Men with glaucoma more likely to have erectile dysfunction

B.C. studies show glaucoma medications not at fault for higher risk of impotence.

A new study shows men with glaucoma are two and a half times more likely to have erectile dysfunction (ED) than men without the eye disease. The link between the two conditions has been firmly established by Vancouver Coastal Health Research Institute research scientist Dr. Frederick S. Mikelberg. Using population data and a clinical study, Dr. Mikelberg followed up on a Taiwanese study that first linked erectile dysfunction to glaucoma. Dr. Mikelberg and his colleagues were curious to see if they could find a reason for the correlation.

“We thought it was going to be related to the eye drops given to glaucoma patients, but we found that it wasn’t. That was a surprise.” Dr. Mikelberg says this is good news for men with glaucoma who might have been hesitant to use medication if it was possibly causing ED.

But if glaucoma medication isn’t causing ED then what is the relation between the two conditions? Dr. Mikelberg says the strongest theory now is a vascular one. 

“Glaucoma has a link to vascular factors and ED is a vascular problem. So our hypothesis is they both have that potentially common factor.”

Dr. Mikelberg cautions against jumping to conclusions about prevention knowing that there is a vascular link. He says when people hear vascular they often think about things like high blood pressure and clogged arteries, which can be improved with diet and lifestyle factors like exercise. But these factors are not related to glaucoma.

“In fact, in glaucoma, lifestyle changes like these seem to have no impact,” says Dr. Mikelberg.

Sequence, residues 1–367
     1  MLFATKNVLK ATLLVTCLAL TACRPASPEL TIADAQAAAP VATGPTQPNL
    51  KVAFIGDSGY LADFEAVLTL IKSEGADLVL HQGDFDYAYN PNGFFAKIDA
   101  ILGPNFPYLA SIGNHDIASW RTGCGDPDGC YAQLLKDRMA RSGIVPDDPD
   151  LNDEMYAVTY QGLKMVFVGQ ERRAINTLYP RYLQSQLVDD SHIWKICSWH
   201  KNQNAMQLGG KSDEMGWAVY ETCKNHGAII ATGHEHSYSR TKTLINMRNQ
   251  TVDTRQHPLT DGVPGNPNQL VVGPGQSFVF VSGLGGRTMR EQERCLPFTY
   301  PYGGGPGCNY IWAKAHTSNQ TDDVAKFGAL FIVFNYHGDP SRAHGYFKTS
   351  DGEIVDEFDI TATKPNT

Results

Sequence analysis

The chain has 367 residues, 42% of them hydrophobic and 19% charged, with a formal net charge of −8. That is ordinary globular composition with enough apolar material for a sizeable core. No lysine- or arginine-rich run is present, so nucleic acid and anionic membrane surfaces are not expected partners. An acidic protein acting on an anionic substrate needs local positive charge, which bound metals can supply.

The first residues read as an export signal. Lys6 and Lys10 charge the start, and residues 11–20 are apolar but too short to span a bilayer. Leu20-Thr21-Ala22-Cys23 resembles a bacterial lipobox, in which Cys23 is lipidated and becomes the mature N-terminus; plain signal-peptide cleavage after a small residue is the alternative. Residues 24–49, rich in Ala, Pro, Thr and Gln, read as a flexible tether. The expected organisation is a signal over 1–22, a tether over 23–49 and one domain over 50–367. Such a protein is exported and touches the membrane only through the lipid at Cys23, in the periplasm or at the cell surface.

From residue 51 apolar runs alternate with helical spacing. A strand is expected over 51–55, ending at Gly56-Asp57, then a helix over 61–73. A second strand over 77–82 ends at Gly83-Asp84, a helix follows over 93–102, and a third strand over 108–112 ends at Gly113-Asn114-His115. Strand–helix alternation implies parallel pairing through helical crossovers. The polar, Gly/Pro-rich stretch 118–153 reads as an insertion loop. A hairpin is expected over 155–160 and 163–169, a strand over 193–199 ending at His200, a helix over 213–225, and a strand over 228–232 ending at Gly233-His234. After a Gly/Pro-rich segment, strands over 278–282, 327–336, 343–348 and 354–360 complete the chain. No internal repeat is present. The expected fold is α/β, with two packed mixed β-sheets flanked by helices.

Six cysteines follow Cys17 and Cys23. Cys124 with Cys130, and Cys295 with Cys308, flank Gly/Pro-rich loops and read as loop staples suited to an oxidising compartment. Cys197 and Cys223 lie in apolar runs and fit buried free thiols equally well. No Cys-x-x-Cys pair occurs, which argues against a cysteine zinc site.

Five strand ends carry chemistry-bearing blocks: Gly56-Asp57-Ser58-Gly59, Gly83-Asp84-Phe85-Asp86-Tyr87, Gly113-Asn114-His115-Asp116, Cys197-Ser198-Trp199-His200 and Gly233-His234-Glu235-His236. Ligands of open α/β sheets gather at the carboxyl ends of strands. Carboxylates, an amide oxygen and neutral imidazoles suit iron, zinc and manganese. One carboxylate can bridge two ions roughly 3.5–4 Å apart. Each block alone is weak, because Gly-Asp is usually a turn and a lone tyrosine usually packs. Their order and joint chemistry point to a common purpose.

“We are talking instead about blood flow issues. Another interesting and strong correlation to glaucoma is presence of migraines. And migraine headaches are a vascular disease often caused by vascular spasms or vasospasms – constrictions of the arteries. A migraine is a special kind of vascular headache. Blood vessels constrict and decrease blood flow to parts of brain. This mechanism may occur in glaucoma and in ED.”

Dr. Mikelberg says the only lifestyle change that may make a difference for both diseases is not smoking, since smoking is known to constrict blood flow.

Glaucoma is a silent disease in the early stages – 50 per cent of people don’t even know they have it. But with early detection and treatment most people will have normal vision for the rest of their lives. Again, Dr. Mikelberg hesitates to say his findings should prompt dramatic changes in treatment. He says there is not enough in the studies to date to say that ED patients will get glaucoma. And researchers can’t pinpoint if one condition starts before the other. 

“Suggesting that everyone with ED should have an eye test right away, honestly that’s a stretch. It’s not that strong a predictive factor. Let’s just say it’s a curiosity, an interesting correlation, one that makes you think more openly about the two diseases.” Dr. Mikelberg says he’s keen to see what future research may uncover. 


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